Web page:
country who submit by paper ballot by the end of jewel, we should have a new prime minister in place but the concern senior that it's only october 31st that the uk officially leaves the eu giving that new prime minister just three months time, george and natalie. >> that is the question, salma. a new prime minister sure, but the dynamics around brexit don't really change a lot. it's the same deal that parliament has rejected time after time after time. >> reporter: that's absolutely right. and all eyes are, of course, on this contest. i just brute you a few sunday papers so you can see what people are talking about here, the race is on from the sunday telegraph. boris challenges his rival again. stop boris johnson here from the observer. and this one, turning toxic already. so you can just see there people here have watched this bitter
infighting happening for three years now as brexit has been delayed and postponed and really there's not much appetite for more political infighting, more of these rivalries to take place. that's exactly what's happening. analysts will tell you it's not an issue of who is the prime minister. it's not an issue of who holds office because those obstacles are still in place. participant is still in deadlock. there is no consensus there and brussels has already said they're not going to spend time renegotiating what they've been negotiating for 2 1/2 years. really the nightmare of brexit continues. >> you mentioned this process taking about three years. this new prime minister will have three months to try to get it over the hurdle? we'll see. >> that's exactly right institute thank you again for the reporting. we'll keep in touch. >> yes, good lucking with that. whomever steps any. now to another important vote, that would be the european election. sunday is the last day for voters to cast a ballot in the
world's biggest multicountry sfleekz we're talking about more than 350 million people eligible to choose representatives in the european parliament. we'll start seeing results from the election in the coming hours. results will shape the european union for the next five years. >> still ahead this hour, thank you message from a hiker rescued in hawaii. >> people that know me, people that don't know me all came together just under the idea of helping one person make it out of the woods alive. >> it is a remarkable story of survival. you'll hear it ahead. audible members know listening has the power to change us make us better parents, better leaders, better people.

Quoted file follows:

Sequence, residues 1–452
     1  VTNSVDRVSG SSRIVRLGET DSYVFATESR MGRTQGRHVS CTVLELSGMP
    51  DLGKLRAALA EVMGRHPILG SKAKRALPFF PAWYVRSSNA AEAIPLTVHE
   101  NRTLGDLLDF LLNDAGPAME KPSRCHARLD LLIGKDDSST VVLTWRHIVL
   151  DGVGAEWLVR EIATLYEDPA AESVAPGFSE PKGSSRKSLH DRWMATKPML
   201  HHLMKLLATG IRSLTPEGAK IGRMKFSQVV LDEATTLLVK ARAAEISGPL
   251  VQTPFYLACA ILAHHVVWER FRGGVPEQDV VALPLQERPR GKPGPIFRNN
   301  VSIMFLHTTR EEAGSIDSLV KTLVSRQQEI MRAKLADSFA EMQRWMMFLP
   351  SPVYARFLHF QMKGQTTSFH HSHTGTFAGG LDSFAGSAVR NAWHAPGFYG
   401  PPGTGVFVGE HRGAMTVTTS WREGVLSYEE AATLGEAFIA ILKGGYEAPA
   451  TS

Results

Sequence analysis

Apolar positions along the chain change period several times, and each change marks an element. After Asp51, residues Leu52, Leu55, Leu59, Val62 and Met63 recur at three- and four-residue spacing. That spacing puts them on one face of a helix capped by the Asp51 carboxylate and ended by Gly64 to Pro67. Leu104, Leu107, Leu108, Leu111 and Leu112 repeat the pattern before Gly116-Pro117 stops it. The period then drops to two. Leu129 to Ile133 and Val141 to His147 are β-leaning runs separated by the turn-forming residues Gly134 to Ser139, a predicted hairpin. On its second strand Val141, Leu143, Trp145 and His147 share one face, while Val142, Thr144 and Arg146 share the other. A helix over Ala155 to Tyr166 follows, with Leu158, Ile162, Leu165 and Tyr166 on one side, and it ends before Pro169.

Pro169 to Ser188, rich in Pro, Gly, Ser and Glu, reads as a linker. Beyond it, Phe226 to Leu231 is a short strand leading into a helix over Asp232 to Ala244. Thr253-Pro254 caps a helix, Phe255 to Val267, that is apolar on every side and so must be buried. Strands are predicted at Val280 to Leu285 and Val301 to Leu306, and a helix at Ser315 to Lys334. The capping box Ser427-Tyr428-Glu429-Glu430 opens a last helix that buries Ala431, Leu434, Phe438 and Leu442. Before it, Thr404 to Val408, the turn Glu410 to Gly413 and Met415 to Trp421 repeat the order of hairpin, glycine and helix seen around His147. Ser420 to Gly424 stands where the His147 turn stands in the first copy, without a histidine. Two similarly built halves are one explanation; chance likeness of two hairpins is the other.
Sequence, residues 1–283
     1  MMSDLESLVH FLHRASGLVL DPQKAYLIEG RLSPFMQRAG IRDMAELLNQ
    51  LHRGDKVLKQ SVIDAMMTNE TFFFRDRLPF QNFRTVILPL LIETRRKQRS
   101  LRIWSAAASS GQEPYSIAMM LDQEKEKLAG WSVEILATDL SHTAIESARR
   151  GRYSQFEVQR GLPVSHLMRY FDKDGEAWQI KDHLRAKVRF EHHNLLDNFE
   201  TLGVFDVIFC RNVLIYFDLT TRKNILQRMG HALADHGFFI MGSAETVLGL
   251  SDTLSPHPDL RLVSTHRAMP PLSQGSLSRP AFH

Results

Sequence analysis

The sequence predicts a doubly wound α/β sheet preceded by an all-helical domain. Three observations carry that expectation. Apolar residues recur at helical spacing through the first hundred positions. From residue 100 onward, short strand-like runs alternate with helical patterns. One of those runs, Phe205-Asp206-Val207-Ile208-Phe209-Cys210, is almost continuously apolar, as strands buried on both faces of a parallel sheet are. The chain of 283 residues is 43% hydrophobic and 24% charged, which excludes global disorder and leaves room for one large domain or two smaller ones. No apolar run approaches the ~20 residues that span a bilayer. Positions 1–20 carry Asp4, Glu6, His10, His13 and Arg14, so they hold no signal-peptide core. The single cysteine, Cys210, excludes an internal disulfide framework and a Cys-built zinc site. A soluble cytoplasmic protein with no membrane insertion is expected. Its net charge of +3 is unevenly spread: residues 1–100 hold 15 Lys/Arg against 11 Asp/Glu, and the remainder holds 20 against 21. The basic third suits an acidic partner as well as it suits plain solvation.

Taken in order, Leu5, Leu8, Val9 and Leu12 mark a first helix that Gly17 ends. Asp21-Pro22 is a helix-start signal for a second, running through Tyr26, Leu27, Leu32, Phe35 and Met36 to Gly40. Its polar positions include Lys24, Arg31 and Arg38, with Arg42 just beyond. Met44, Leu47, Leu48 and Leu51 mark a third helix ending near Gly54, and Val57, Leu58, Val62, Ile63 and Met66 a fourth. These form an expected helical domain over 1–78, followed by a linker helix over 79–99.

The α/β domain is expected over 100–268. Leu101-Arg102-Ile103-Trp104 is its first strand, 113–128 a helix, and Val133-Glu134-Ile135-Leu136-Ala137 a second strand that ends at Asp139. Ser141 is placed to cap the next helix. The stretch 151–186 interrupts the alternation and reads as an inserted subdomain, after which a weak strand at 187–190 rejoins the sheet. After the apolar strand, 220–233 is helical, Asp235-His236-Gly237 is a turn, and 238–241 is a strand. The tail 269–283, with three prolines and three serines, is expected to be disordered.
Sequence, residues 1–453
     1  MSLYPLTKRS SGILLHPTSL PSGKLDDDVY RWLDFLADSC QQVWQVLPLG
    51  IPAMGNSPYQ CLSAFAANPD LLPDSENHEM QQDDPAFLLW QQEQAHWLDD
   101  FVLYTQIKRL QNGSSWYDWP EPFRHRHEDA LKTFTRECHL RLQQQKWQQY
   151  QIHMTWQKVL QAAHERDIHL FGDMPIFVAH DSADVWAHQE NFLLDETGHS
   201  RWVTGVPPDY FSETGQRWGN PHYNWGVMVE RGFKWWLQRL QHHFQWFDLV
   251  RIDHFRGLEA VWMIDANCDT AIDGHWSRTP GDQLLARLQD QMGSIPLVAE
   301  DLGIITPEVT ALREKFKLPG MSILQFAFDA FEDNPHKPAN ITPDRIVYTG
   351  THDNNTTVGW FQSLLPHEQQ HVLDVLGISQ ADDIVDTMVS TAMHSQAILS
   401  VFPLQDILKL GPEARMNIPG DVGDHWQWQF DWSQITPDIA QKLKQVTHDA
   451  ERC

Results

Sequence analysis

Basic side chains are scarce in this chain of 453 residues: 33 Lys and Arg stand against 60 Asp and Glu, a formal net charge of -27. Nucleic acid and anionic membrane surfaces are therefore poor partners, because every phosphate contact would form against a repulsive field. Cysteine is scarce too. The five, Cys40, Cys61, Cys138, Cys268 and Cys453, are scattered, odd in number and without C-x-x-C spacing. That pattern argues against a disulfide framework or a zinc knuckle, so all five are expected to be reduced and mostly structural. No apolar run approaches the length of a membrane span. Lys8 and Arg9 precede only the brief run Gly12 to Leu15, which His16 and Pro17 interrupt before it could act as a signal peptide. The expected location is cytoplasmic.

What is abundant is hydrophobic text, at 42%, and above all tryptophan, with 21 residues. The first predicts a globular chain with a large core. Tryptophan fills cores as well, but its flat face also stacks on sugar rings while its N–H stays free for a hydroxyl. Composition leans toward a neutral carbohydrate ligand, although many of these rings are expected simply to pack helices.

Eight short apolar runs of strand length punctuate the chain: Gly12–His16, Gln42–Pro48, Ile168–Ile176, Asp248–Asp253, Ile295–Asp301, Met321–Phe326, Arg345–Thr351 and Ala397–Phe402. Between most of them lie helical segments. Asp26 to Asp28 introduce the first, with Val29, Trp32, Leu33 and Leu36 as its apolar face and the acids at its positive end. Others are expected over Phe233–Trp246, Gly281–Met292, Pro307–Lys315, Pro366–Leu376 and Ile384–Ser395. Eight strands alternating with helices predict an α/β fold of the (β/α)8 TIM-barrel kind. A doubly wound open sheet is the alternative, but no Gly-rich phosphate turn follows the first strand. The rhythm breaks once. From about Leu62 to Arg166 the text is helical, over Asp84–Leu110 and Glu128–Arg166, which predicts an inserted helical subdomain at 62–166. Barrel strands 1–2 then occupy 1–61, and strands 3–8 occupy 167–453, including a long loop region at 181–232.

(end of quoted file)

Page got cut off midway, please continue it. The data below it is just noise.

and there's no better place to listen than audible. with audible you get a credit good for any audiobook and exclusive fitness and wellness programs. and now, you'll also get two audible originals: titles exclusively produced for audible. automatically roll your credits over to the next month if you don't use them, and if you don't like a book just swap it for free. enjoy 100% ad free listening in the car, on your phone or any connected device. and when you switch a device pick up right where you left off. with our commitment free guarantee, there's never been a better time to start listening to audible. the most inspiring minds, the most compelling stories, the best place to listen. to start your free 30-day trial, text listen9 to 500500 today. ♪
audible members know listening has the power to change us make us better parents, better leaders, better people. and there's no better place to listen than audible. with audible you get a credit good for any audiobook and exclusive fitness and wellness programs. and now, you'll also get two audible originals: titles exclusively produced for audible. automatically roll your credits over to the next month if you don't use them, and if you don't like a book just swap it for free.
enjoy 100% ad free listening in the car, on your phone or any connected device. and when you switch a device pick up right where you left off. with our commitment free guarantee, there's never been a better time to start listening to audible. the most inspiring minds, the most compelling stories, the best place to listen. to start your free 30-day trial, text listen5 to 500500 today. ♪ in hawaii, a woman who disappeared after going hiking two weeks ago has been found alive deep inside a forest. >> and now amanda eller is speaking out about her experience and she's thanking all the people who searched and prayed for her. >> there were times of total
fear and loss and wanting to give up and it did come down to life and death and i had to choose. and i chose life. i wasn't going to take the easy way out. even though that meant more suffering and pain for myself. but this is just like a tiny little blip of my story just seeing the power of prayer and the power of love when everybody combines their efforts is incredible. it can move mountains. and at some point i think we all thought that was lost in the world and it's beautiful to know that it's not only lost but it's -- it's so prevalent. >> boy is she happy to be alive. amanda also thanked everyone who donated money for her search and rescue. >> she says the funds are paying for the helicopters that located her. jessica dean brings us the details of the rescue operation.